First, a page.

THE MYSTIC TRUMPETER (1999)
The Indiana University Concert Orchestra
David Effron, Conductor
1. The Dalliance of the Eagles [1:16]
2. The Mystic Trumpeter [11:15]
THE MYSTIC TRUMPETER provides musical commentary on two poems by Walt Whitman: "The Dalliance of the Eagles" and " The Mystic Trumpeter." The work is an outgrowth of FLIGHTS OF PASSAGE, a solo composition I wrote for the marvelous pianist, James Dick. It was Mr. Dick who suggested several poems from Whitman's LEAVES OF GRASS as the literary bases for that piece. THE MYSTIC TRUMPETER expands the penultimate and closing movements of the earlier keyboard work in a setting for full orchestra.
The composition is cast as a single movement consisting of two unequal sections, each inspired by Whitman's verses. The first, a musical evocation of "The Dalliance of the Eagles," can be viewed as an introduction to and integral facet of the second (and main) portion of the work, joining it without pause. The poem itself provides the best description of the music, for this opening section, this "gyrating wheel" of orchestral sound, constitutes a clear and obvious example of "tone-painting."
The music of the second section, which treats the long poem "The Mystic Trumpeter," is a collage of sorts, incorporating quotations (some distorted, some literal) from four existing works: Charles Ives' short tone poem, THE UNANSWERED QUESTION; the sprawling piano piece VINGT REGARDS SUR L'ENFANT JÉSUS ("Twenty Meditations on the Child Jesus") by the late French composer, Olivier Messiaen; MUSIC FOR THE MAGIC THEATRE by the contemporary American, George Rochberg; and REIS GLORIOS ("Glorious King"), a song by the medieval troubadour, Guiraut de Bornelh. Each of these quoted compositions entails distinct parallels, either musical or literary, with Whitman's poem. Ives' THE UNANSWERED QUESTION also imagines a kind of mystic trumpeter, for it is a trumpet that repeatedly poses "the Perennial Question of Existence" in that composition's programmatic scenario. Rochberg's work evokes the "Magic Theater" of Hermann Hesse's STEPPENWOLF (a novel that includes the line, "I saw Moses, whose hair recalled portraits of Walt Whitman"), in which music seems a universal presence, inherent in all life and nature and even memory, as it is in Whitman's poem.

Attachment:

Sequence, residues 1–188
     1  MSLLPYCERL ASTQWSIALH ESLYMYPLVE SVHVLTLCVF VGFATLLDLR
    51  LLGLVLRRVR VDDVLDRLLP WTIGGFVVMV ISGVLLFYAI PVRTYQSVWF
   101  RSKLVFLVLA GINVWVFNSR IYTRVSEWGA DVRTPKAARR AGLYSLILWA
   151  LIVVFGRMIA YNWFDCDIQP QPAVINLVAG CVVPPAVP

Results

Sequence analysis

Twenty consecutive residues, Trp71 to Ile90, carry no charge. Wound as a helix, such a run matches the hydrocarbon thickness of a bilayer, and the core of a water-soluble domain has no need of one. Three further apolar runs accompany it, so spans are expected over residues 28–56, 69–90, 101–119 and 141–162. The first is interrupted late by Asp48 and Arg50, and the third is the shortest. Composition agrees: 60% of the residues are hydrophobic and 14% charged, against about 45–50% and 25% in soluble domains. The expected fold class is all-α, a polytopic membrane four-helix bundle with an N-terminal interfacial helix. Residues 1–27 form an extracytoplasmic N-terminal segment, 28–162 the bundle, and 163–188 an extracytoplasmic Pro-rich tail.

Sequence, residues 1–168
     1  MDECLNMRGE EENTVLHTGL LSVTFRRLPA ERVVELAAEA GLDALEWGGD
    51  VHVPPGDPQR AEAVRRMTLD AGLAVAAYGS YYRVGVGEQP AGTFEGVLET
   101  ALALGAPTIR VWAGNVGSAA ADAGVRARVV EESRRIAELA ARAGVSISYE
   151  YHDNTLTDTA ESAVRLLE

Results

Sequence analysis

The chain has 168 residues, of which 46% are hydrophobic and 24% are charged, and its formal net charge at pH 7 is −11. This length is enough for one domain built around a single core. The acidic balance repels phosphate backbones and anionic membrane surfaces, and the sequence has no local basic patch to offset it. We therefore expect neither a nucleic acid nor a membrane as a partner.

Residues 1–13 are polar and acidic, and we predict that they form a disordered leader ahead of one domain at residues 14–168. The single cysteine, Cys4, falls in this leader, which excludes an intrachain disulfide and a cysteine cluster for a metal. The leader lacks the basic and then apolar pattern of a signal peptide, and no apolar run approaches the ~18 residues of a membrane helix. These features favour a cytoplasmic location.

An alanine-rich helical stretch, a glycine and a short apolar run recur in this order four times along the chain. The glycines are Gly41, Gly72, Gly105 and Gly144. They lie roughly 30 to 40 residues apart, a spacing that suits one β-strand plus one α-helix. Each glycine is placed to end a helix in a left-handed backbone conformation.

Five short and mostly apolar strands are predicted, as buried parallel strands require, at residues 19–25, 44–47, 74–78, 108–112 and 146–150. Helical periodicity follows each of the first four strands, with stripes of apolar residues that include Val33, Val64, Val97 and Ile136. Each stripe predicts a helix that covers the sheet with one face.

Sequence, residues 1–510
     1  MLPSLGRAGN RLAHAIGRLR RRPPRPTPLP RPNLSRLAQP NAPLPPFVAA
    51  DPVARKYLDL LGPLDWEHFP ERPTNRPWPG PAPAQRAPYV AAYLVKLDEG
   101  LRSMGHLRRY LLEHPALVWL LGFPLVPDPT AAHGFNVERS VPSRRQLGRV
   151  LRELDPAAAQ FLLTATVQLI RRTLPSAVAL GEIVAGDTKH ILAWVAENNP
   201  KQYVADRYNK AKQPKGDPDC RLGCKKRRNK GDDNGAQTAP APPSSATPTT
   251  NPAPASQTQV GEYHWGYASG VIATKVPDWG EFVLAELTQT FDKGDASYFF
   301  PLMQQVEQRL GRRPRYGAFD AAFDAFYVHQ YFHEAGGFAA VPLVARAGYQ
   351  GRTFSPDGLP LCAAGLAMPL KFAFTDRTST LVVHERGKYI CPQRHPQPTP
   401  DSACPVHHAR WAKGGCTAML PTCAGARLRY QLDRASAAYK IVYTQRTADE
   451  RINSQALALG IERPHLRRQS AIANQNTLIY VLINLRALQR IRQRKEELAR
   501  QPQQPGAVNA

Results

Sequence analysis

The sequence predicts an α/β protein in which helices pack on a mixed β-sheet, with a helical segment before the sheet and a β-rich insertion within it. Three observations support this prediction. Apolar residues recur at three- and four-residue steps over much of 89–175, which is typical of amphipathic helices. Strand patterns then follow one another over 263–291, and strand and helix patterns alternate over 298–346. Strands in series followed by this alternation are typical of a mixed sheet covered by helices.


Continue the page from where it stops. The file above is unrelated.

Whitman's invocation of love and joy (in the fifth and eighth stanzas, respectively, of "The Mystic Trumpeter") resonates with Messiaen's vision of divine love in the last of the VINGT REGARDS. Whitman's phrases, "no other theme but love... the enclosing theme of all, " have a musical complement in the "Thème d'amour" ("Love Theme") of Messiaen's piece, and the utopian vision of a humanity redeemed and joyful that is set forth in the final stanza of the poem finds kindred expression in Messiaen's "Triomphe d'amour et de joie" ("Triumph of Love and Joy"). The citations of these fragments from VINGT REGARDS SUR L'ENFANT JÉSUS in my own work are particularly appropriate in light of Whitman's view of himself as the "American Jesus" and the prophet of a new "American religion."
Less oblique, perhaps, than the aforementioned references is the appearance of an actual troubadour melody underscoring in a very concrete way Whitman's vision of medieval splendor in the fourth stanza of his poem. The text of this song by de Bornelh is a prayer beseeching God to guide the poet's companion safely home -- a beautiful metaphor for Whitman's life and work.
Click here for link to the poems.